100 Movie Challenge: #97 Blade Runner

B+

Blade Runner 1982
Blade Runner 1982

I know this might ruffle some feathers. Members of the Blade Runner cult are sharpening their pitchforks at the fact that it is not our first A+, and perhaps with good reason.  After all, the 1982 dystopian sci-fi holds a special and influential position in the film history hierarchy.  The concept is phenomenally inventive, the characters are extremely compelling and oddly relatable, the visuals are stunning and progressive, and the theme is one that leaves you questioning your worldview as you exit the theater.  Blade Runner is one of the first films to reach beyond the suffocating tropes of the science fiction genre and use it as a viable and effective means for telling a poignant story.  At this point, I have almost convinced myself that I rated it too low.

The story follows Deckard (Harrison Ford), a retired police officer who is forced to accept a mission to eliminate several illegal “replicants” (bioengineered humanoids).  The journey that follows combines thrilling action with a very compelling question: what does it really mean to be alive?

However, while all of the elements seem apparent, there is just a whiff of something missing for me.  It was the second time I’ve watched Blade Runner and, for whatever reason, I find the conversations that occur after watching to be far more enjoyable than the actual viewing experience.  I know I may be claiming my own private island here, but it can be slow at times

Daryl Hanna as replicant Pris
Daryl Hanna as replicant: Pris

and failed to keep me fixed to the edge of my seat. And it seems I’m not alone!  Blade Runner is one of a few members of the AFI List that struck out entirely at the Academy Awards, winning 0 Oscars out of only two nominations.  Now, this is not a perfect indicator of the film’s quality, especially since 1982 was simply a great year for movies (#91 Sophie’s Choice, #69 Tootsieand #24 E.T. The Extra-Terrestrial from our list were all released that same year); but it seems as though much of the appreciation for Blade Runner has come in retrospect.

Harrison Ford as Rick Deckard and Sean Young as Rachel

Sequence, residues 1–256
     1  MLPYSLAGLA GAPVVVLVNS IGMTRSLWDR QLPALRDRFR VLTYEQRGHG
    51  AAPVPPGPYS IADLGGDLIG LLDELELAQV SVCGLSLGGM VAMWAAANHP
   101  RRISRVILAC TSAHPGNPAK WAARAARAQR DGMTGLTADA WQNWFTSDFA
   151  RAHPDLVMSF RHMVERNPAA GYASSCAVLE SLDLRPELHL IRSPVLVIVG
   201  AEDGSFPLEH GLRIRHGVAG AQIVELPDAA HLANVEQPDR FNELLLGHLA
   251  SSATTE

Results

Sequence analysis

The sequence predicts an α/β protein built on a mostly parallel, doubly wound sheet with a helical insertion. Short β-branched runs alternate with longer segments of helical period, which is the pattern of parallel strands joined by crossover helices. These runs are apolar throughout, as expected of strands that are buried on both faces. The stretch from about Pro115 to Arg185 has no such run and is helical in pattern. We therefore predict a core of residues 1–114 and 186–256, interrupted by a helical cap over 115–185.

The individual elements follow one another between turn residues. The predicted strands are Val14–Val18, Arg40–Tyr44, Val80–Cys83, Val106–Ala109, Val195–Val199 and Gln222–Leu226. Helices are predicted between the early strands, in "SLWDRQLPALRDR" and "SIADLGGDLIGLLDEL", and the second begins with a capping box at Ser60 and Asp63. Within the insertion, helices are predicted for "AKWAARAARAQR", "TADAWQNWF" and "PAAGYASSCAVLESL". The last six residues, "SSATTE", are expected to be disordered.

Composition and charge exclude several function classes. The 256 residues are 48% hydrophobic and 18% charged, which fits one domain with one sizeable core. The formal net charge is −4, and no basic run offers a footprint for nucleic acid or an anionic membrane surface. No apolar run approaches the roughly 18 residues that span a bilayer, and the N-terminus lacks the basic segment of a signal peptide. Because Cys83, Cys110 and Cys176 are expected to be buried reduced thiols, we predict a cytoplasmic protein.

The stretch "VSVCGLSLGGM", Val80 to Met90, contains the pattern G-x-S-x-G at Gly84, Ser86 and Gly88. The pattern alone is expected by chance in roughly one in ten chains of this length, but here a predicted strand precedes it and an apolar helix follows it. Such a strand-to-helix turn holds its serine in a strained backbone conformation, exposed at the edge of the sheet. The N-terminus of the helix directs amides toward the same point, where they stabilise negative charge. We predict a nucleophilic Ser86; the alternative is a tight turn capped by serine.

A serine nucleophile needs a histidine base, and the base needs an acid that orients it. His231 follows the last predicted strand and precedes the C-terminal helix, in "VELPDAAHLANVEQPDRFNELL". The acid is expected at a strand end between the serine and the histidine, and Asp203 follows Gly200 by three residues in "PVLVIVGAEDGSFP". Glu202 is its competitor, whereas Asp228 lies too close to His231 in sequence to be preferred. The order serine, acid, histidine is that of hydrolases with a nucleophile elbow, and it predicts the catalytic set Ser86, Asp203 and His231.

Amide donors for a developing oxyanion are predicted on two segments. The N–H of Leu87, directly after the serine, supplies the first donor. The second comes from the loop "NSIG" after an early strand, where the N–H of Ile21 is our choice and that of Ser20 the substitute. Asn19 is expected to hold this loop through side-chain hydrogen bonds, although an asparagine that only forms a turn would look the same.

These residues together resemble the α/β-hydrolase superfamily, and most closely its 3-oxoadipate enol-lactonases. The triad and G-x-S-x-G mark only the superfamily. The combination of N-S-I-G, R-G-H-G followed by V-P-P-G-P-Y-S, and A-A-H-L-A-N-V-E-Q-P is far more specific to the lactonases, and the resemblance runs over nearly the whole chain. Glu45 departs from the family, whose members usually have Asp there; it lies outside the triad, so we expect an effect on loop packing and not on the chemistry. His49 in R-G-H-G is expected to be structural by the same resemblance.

Harrison Ford as Rick Deckard and Sean Young as Rachel

Still, it’s one of those movies you just have to see.  No film junkie’s vernacular is complete without the occasional reference or parallel to Blade Runner, and its impact on the future of film is extremely apparent.  For that, Blade Runner earns a solid B+and a Liberty Rating of 7 for its commentary on the ways in which outside forces influence individual freedoms.  I won’t question it’s inclusion on the list, I just can’t say I’m as blown away as some of my peers.  Maybe I’m missing something.

Alrighty.  Are you keeping up?  Next is #96, Spike Lee’s Do the Right Thing.

Okay, bring it on.  How do you feel about Blade Runner?  Can you help me see the light? Or are you equally underwhelmed by the hype?  Let us know!

To see the rest of the list click here.

Richard Mattox

Richard Mattox is the head editor of Smash Cut Culture and a 2013 alumnus of the Taliesin Nexus Filmmakers Workshop and Internship program. Currently pursuing a Masters in Professional Writing (screenwriting emphasis) from USC, Mattox is an avid film-junkie, a singer-songwriter, and a die-hard Baltimore Orioles fan.

  • Matt Edwards

    When I first watched this, I would have agreed with a B+. But after having seen it over 20 times since, this is a solid A. It simply has gotten better with age. It may come off as a bit dated with the Vangelis soundtrack, but that’s the extent of my gripes. So much foresight in a film 30 years old and a story even older. I agree the discussions it sparks can be even more gratifying than the film. One word – unicorns.

  • Edith

    This. This is one of the formative movies of my life. Why? No idea. Because of the atmosphere, the music (Vangelis is still OK in my books), and Rutger Hauer, and Sean Young, and Harrison Ford… The first time I saw it I didn’t understand much of it but absolutely loved what I saw. Each time I see it it improves, and it sits right up there with Alien. In our household we quote Rutger Hauer’s Tannhauser Gate line with tears in our eyes.

    • Richard Mattox

      Edith – such a compelling moment in the film. Thanks so much for sharing!

  • Lord Kevin Changaris

    It’s one of the few films I can think of that legitimately gets better every time I’ve watched it. Not just better in the sense of nostalgia, mind you. The film is so thematically/symbolically dense and nuanced that there new things to pick out each time I watch it – a rareity even among film classics which can often be unraveled in one or two viewings. I think this density, along with the films slow methodic pacing, is also what makes it difficult to necessarily enjoy on the level of Hollywood entertainment. It’s sci-fi thriller trappings are deceptive. At its core the film functions as a brilliant, post modern piece of art cinema, skillfully weaving commentaries on a myriad of contemporary societal issues with the larger, age old questions of ‘who are we?’and ‘why are we here?’

    • Matt Edwards

      Right on man! And as we move closer and closer to Singularity in our time will we discover those answers? I think we’ll live to find out.

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